I also have difficulty with there being too many, and competing, events. Even if I had travel funds, I would only want to attend ‘the best’ event – and not sure which one that would be. Also, it takes me a while to generate new content to present (genuinely new content). Certainly not 4 papers a year… maybe more like 1/yr if that much… depending on the difficulty of the NEWness of the content. To attend conferences and to see minor variations of the same old ideas again is not useful to me, so I do not want to inflict that on my audiences.

    How do the rest of you feel about all these groups and conferences practically right on top of each other? How do you pick which event to attend? How many can you afford to attend on a regular basis?

  • Space Realist May 10, 2013, 14:22

    This is interesting, but what do you say to people who point out the apparent incongruity of a surge in interest in interstellar flight at a time when humans haven’t been past LEO in over four decades? Perhaps we should learn to crawl before we can walk? Perhaps this talent should be devoted to solving more practical problems like getting humans into deep space, establishing offworld colonies, better interplanetary propulsion systems, etc.? And why the denigration of “von Braun visions” when that’s still a lofty and inspiring goal, far beyond our current rather meager capabilities?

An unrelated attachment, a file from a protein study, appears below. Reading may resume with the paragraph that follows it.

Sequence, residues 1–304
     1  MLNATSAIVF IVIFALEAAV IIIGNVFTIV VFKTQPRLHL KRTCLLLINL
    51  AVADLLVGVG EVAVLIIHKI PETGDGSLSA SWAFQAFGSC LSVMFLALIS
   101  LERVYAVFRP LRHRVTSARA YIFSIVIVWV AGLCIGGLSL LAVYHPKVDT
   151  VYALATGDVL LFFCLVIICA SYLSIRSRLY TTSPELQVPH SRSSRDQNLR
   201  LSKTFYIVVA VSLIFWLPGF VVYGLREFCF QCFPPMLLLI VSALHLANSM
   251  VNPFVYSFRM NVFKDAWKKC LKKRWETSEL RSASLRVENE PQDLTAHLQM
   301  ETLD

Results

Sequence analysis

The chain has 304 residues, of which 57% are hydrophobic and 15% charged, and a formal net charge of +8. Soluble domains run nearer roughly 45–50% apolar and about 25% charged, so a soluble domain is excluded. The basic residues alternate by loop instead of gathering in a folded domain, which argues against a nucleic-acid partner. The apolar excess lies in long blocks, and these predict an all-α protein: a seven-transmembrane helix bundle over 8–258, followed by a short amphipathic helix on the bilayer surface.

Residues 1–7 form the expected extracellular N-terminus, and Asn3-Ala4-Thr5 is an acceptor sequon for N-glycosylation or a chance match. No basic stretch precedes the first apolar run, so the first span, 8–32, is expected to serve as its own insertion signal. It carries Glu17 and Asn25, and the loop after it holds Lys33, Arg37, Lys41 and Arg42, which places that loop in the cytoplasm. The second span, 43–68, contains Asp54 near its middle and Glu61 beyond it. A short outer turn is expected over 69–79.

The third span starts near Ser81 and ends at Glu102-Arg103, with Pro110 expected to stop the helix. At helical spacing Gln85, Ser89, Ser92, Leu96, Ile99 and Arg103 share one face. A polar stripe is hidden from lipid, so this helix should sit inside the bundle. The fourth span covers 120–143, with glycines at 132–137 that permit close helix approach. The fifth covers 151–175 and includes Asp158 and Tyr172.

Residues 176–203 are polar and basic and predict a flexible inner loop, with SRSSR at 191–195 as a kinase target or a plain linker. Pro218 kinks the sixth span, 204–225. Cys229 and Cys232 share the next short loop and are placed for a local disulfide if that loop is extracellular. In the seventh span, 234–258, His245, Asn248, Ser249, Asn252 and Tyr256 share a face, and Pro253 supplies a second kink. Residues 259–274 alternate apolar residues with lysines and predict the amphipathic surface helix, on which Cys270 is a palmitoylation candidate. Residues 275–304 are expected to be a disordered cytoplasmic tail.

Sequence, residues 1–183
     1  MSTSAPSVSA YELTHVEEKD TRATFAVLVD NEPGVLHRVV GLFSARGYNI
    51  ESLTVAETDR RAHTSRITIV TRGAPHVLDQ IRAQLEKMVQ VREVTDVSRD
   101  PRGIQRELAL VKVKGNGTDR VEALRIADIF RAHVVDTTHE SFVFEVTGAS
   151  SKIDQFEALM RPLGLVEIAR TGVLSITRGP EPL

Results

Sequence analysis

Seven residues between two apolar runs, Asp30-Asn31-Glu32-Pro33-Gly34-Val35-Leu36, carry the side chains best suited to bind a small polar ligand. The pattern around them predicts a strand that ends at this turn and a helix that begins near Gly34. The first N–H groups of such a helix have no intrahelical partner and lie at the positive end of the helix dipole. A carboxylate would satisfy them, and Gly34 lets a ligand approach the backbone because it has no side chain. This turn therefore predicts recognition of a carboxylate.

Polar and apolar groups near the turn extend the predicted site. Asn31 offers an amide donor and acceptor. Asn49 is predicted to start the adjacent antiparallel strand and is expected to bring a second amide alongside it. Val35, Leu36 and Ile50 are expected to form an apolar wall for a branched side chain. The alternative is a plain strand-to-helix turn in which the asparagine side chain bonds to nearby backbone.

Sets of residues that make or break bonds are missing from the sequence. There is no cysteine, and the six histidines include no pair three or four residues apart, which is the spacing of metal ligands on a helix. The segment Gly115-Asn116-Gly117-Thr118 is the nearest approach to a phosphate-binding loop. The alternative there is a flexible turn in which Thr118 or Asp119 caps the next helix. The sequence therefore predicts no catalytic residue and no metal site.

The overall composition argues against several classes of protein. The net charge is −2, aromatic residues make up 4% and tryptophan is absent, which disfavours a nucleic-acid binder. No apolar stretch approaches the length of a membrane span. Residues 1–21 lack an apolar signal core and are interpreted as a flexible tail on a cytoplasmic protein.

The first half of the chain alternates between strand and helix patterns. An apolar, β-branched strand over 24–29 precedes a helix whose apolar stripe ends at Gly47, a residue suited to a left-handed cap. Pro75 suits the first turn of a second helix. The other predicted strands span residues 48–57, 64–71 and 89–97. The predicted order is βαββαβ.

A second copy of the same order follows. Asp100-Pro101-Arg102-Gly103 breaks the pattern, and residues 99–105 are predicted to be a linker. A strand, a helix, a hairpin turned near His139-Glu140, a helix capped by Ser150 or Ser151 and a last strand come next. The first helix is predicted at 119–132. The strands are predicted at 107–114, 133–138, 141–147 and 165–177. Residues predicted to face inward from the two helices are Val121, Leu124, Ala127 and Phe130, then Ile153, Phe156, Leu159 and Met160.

I enjoy the ideas being discussed here, but I have to question the wisdom of worrying about things that are centuries down the road when there are so many more pressing problems to be solved right now. At least JBIS (that’s Interplanetary, not Interstellar!) and people like Clarke were thinking about attainable goals like moon missions and interplanetary flight. If you’re not careful, you may start to look like a purely academic or science fictional community.

  • ljk May 10, 2013, 14:30

    My semieducated guess as to ultimate motives is that DARPA wanted to see what technologies could come from those who are experts in interstellar spacecraft studies and related fields. One will need advancements in computing, propulsion, and metallurgy, just to name a few. It is a rich source of potential knowledge and technology.

    Half a million dollars just to get things started is pocket change to the DoD, a small investment for a potentially huge return. And for good or bad, many of the folks in these fields will be so excited that the government is finally taking them seriously that many of them will do most of the work and practically hand away their ideas and designs just to be a part of this effort. Plus letting the general public think the Pentagon is building the Starship Enterprise makes them look innovative and hip.

    The US military did something similar almost two decades ago with the Clementine space probe that orbited the Moon and was destined to explore the planetoid 1620 Geographos until technical problems with one of its thrusters ended that part of the mission prematurely. The technology aboard Clementine that examined Earth’s only natural satellite in detail was being tested for what has long been colloquially known as the “Star Wars” program, when Reagan and friends tried to defend the USA against the USSR from nuclear attack with sophisticated space weapons.